Views from the Ridge (Julian Kenny)
For over 50 years, Julian Kenny explored the reefs and ridges, the mountains and shores, of Trinidad and Tobago, recording the islands’ habitats and species with camera and notebook.
Views from the Ridge is a concise but comprehensive account of the country’s ecosystems, accompanied by over 100 colour photographs of its plants and animals. More than simply a textbook of species, this is an appreciation of the rich and complex web of life that exists on two islands in the southern Caribbean. The final chapter pleads for greater awareness of the need for conservation and sustainability.
- Author: Julian Kenny
- Publisher: Originally published in 2000 by Prospect Press. Revised and re-printed in 2007 by Prospect Press.
- Genre: Natural History
- Format: Hardback (Coffee Table)
- Pages: 127
- ISBN: 976-95057-0-6
- Price: US$20.00 (Kindle Edition); TT$350.00 (Hard copy – SOLD OUT)
About Julian Kenny
Author Julian Kenny was a professional zoologist and one of the Caribbean’s best known natural scientists. He was a professor of zoology at the Trinidad campus of the University of the West Indies, and an independent senator in the parliament of Trinidad and Tobago. His nature photography constitutes one of the most important collections in the Caribbean. He has written extensively about the natural history of Trinidad and Tobago, for both academic and popular audiences. His books include Native Orchids of the Eastern Caribbean; Views from the Bridge (on freshwater fish); Orchids of Trinidad and Tobago; Flowers of Trinidad and Tobago; and A Naturalist’s Notes: the Biological Diversity of Trinidad & Tobago. He passed away in August, 2011.
Excerpt from Views
This book is a compromise. Originally I intended to produce a memoir covering my years of studying the natural history of Trinidad and Tobago. After retiring, I started work on the manuscript, appreciating the fact that no single individual can write even a broad natural history of the islands. Nevertheless, some of the preliminary writing came out of my earlier research projects.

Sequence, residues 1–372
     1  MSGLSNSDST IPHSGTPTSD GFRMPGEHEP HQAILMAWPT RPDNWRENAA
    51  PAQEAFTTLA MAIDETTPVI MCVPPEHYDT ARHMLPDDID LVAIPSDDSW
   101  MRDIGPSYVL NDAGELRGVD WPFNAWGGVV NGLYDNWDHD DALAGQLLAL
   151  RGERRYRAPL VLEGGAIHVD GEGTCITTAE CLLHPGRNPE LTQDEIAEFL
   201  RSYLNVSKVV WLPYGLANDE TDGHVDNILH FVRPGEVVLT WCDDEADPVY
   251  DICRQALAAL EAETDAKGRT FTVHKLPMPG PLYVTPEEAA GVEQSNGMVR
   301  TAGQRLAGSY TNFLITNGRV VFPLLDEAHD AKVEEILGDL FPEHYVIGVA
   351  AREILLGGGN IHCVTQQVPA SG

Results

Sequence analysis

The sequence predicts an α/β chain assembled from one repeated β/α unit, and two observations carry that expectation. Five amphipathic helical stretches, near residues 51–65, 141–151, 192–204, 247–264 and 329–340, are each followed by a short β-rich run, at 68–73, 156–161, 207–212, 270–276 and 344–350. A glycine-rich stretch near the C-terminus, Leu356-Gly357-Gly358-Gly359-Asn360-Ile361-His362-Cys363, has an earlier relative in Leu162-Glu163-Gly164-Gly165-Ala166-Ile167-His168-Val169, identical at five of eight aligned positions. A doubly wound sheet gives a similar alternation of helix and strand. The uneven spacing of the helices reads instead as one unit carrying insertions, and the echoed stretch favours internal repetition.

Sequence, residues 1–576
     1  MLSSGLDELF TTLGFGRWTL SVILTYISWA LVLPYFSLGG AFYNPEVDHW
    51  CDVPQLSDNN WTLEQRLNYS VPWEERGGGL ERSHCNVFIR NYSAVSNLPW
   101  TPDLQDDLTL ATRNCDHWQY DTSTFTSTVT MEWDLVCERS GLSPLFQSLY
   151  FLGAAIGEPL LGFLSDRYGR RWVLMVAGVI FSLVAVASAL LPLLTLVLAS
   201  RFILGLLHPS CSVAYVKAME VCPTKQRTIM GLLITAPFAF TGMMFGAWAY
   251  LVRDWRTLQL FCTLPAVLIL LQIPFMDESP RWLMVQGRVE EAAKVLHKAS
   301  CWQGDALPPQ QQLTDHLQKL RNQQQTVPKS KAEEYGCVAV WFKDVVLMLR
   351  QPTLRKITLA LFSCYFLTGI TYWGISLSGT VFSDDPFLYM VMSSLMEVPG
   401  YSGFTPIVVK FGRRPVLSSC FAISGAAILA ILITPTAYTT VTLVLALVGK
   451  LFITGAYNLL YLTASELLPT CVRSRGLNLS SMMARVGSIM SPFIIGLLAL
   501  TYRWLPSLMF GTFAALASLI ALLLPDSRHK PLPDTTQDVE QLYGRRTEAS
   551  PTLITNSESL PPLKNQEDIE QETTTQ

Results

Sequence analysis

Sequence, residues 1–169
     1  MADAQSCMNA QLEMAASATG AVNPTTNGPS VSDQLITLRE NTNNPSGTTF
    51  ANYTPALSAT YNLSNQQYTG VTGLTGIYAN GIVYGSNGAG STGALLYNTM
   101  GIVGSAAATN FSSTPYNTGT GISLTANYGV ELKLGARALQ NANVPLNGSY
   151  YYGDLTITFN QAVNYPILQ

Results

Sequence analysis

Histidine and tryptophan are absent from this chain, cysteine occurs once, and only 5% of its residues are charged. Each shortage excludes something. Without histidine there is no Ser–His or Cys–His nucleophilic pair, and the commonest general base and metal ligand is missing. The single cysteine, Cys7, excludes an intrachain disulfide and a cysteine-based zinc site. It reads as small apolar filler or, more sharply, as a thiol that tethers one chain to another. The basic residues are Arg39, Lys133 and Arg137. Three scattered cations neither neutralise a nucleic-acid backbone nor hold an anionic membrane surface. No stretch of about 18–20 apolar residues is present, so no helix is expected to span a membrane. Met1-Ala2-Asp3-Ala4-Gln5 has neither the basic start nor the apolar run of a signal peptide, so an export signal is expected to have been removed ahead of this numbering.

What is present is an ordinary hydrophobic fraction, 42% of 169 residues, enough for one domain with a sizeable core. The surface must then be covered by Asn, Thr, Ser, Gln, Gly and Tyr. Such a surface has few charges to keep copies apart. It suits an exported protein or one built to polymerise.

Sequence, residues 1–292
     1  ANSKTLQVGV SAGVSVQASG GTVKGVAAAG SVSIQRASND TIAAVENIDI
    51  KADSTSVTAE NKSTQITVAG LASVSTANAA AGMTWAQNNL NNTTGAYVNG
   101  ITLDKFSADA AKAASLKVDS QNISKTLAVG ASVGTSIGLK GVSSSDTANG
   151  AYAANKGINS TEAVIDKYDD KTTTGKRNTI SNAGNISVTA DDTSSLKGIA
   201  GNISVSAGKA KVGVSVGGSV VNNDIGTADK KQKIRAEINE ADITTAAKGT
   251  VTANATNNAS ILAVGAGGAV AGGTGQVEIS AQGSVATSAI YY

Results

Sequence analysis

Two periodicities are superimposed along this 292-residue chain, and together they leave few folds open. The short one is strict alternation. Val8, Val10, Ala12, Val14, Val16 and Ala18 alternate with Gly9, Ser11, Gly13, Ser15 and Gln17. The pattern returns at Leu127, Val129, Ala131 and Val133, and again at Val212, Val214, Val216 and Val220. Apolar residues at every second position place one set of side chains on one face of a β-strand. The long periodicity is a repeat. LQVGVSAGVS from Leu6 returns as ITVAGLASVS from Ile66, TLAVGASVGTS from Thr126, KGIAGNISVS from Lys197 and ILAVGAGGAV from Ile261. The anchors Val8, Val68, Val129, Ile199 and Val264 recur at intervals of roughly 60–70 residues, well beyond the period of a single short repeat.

Then came a request from the newly established Environmental Management Authority (EMA) to produce an assessment of the biological diversity of Trinidad and Tobago as part of their information programme. Some of the material which I had already written was incorporated into that report, which was completed in collaboration with Paul Comeau and Leslie-Anne Katwaru.
Later, as part of a fund-raising effort for the Guardian Life Wildlife Fund, an independent trust fund, I mounted an exhibition of photographic prints. The response to that exhibition was so encouraging that I stared to consider publishing a collection of my photographs.
Books of photography then to follow a general format with minimal text. Such books make strict demands on the photographer. Images must be well composed and lit, and of such quality and interest that they stand out, catching the eye of the viewer. They have to be much more than mere snapshots.
One of the problems of natural history photography, however, is trying to find a balance between the aesthetically pleasing and the informative. There are many extremely striking photographs of common organisms and natural systems which do more to display than to inform.
The photographs in this book attempt to do both. Combined with a broad general text, they describe the origins, climate and landform of Trinidad and Tobago, the nature of its biota, aspects of the biogeography of well-known organisms, and characteristics of the many natural systems. I hope that the text paints, without broad brush, systems that are thought of as islands, but which biogeographically are small parts of South America.
The selection of photographs has been purely personal. My collection of slides numbers about 6,000, but only a small proportion of these are good enough to be published. At the same time, some of the groups of photographs, such as the orchids, wildflowers and marine invertebrates are numerous and were very difficult to select.
Natural history photography has its own peculiar demands. Quality work can be done with basic equipment such a good off the shelf 35mm single-lens reflex camera with a standard 50mm lens (Canon, Nikon and Olympus are all excellent). The basic camera will serve for scenic photography and some moderate-distance close-up work. Modern versions often supply a macro or zoom lens with a focal length ranging form 35mm, for wide-angle work, to 100mm, for moderate telephoto work. A quality 50mm macro lens allows close-up with magnifications, on the film, of about 1:0.5. Such equipment can be used with available light and a steady hand.